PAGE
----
The Waterman Expert City Line Roller Ball in Blue.
When it comes to fine pens, there is a tendency for some to focus exclusively on fountain pens, and since starting my little office supply blog here, that is something I have been guilty of. All of the “fine” pens that I have reviewed have been fountain pens, so I wanted to take a break from that and focus on another type of pen that can also provide a great writing experience.
This review will look at the Waterman Expert City Line Roller Ball, which I purchased from my local Paradise Pens retail store back in October of 2008. This is a great pen, and I hope to be able to convey that through the following review. Before I get too into the review, I want to quickly mention that my shopping experience when I bought the pen was fantastic. I went into the Paradise Pens store near my office, with a pretty good idea in my head of what I was looking for, and I was met with a very courteous and helpful staff. There was no pressure to purchase anything, just a very helpful group of people willing to let me try any writing instrument I wanted and able to answer just about any question I had. There was no discount given or any recognition for this review from Paradise Pens, I just had a great experience there and thought it was worth sharing here.
So on to the review. When I first saw the Waterman Expert City Line online I was quickly impressed by its simple classic look, and wide variety of colors and other variations that the pen comes in. The more I looked at other roller balls, the more I kept coming back to the classic and appealing look of this one. I decided that I would need to head out to the store and get the Waterman Expert City Line in my hands so I could see if it felt as great as it looked.
View of the Waterman Expert City Line with the cap posted, and ready to write.
Once I got the pen in my hands I was immediately impressed by the solid feel. The full metal body (excluding the grip section) gives it a nice heft that lets you know you are holding a quality writing instrument. Everything from the way that the cap makes a confident “snick” sound when you post it on the top to the way that the grip tapers out towards the base to allow for just the right amount of pressure while writing immediately made me feel like this pen went beyond just looking nice, and was really designed to be an everyday workhorse that you could rely on and be comfortable writing with all day long.
Some random and haphazard notes that I jotted down for the writing sample of the Waterman Expert Roller Ball on Levenger paper.
The above writing sample was done on a blank slate of quality Levenger unlined paper. I felt like this paper was a good choice for the bold (although technically fine) line of this pen. For some reason, writing with this pen just “feels big” so I didnt want to be constrained by the lines of my normal Levenger paper. As you can see the standard Waterman refill cartridge that comes with this pen is a nice and fairly solid black. I do get the occasional skip or light spot when writing with the Waterman Expert City Line, but for the most part it writes very smoothly, and as I said before, it just feels great in your hand. The good thing about this pen, and many other roller balls is the variety of different refills that you can buy that will fit it to create a writing experience that is just right for you. I have a bunch of different refills that will fit in this, so at some point I will probably do a comparison of those. I think the Waterman refill that came with it would probably rate about an 8 out of 10 in terms of a smooth solid and reliable writer. I might be a bit biased in that because I do have a very specific and favorite roller ball refill that I will have to write up one day, but as I said, the Waterman version is more than acceptable.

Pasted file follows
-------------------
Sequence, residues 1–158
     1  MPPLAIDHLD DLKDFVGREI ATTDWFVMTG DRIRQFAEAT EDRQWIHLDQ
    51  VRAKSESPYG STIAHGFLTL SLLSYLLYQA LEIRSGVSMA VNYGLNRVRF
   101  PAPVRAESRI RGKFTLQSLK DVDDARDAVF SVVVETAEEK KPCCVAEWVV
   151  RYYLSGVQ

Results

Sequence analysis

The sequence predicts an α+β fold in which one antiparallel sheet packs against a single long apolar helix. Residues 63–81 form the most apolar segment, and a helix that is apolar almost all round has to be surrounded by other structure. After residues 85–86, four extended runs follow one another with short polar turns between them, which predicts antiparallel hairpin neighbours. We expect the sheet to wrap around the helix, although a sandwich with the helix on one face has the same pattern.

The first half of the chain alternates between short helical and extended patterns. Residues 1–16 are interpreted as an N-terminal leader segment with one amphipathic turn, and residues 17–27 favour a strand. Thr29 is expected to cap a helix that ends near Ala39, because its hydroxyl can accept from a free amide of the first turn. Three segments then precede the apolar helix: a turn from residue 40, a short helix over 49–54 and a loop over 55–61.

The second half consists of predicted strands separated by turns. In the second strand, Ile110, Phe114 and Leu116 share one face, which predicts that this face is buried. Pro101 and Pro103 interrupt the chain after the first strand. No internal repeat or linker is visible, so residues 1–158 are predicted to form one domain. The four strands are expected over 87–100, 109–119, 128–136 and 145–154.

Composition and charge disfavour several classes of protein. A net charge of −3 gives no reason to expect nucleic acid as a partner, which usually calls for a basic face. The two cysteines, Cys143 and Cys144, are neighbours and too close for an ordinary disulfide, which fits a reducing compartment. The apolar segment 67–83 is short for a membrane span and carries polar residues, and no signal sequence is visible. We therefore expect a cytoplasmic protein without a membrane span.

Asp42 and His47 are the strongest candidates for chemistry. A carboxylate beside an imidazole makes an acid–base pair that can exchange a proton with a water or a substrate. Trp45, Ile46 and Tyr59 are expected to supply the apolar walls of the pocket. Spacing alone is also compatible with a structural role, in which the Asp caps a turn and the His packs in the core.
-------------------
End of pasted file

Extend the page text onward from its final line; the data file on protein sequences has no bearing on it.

Close up of the Waterman label and the chevron pattern on the barrel.
One thing that was unclear to me when I first saw the Waterman Expert City Line online had to do with the black chevron pattern on the barrel. It was hard to tell from most of the photos if the chevron pattern was just printed on the barrel, or if it was a raised or textured addition to provide some grip. As you might be able to tell by now from my description, it is just a printed on pattern that is not at all raised or textured.
Close up of the cap that shows the mirrored insert at the top.
The last photo that I wanted to include in this review of the Waterman City Line Expert is of the cap. At the top of the pen embedded in the black tip that you see there, you will find a small flat chrome disc that puts a nice finishing touch on the cap without coming off as being too flashy.
©2017, Brian Greene. All rights reserved.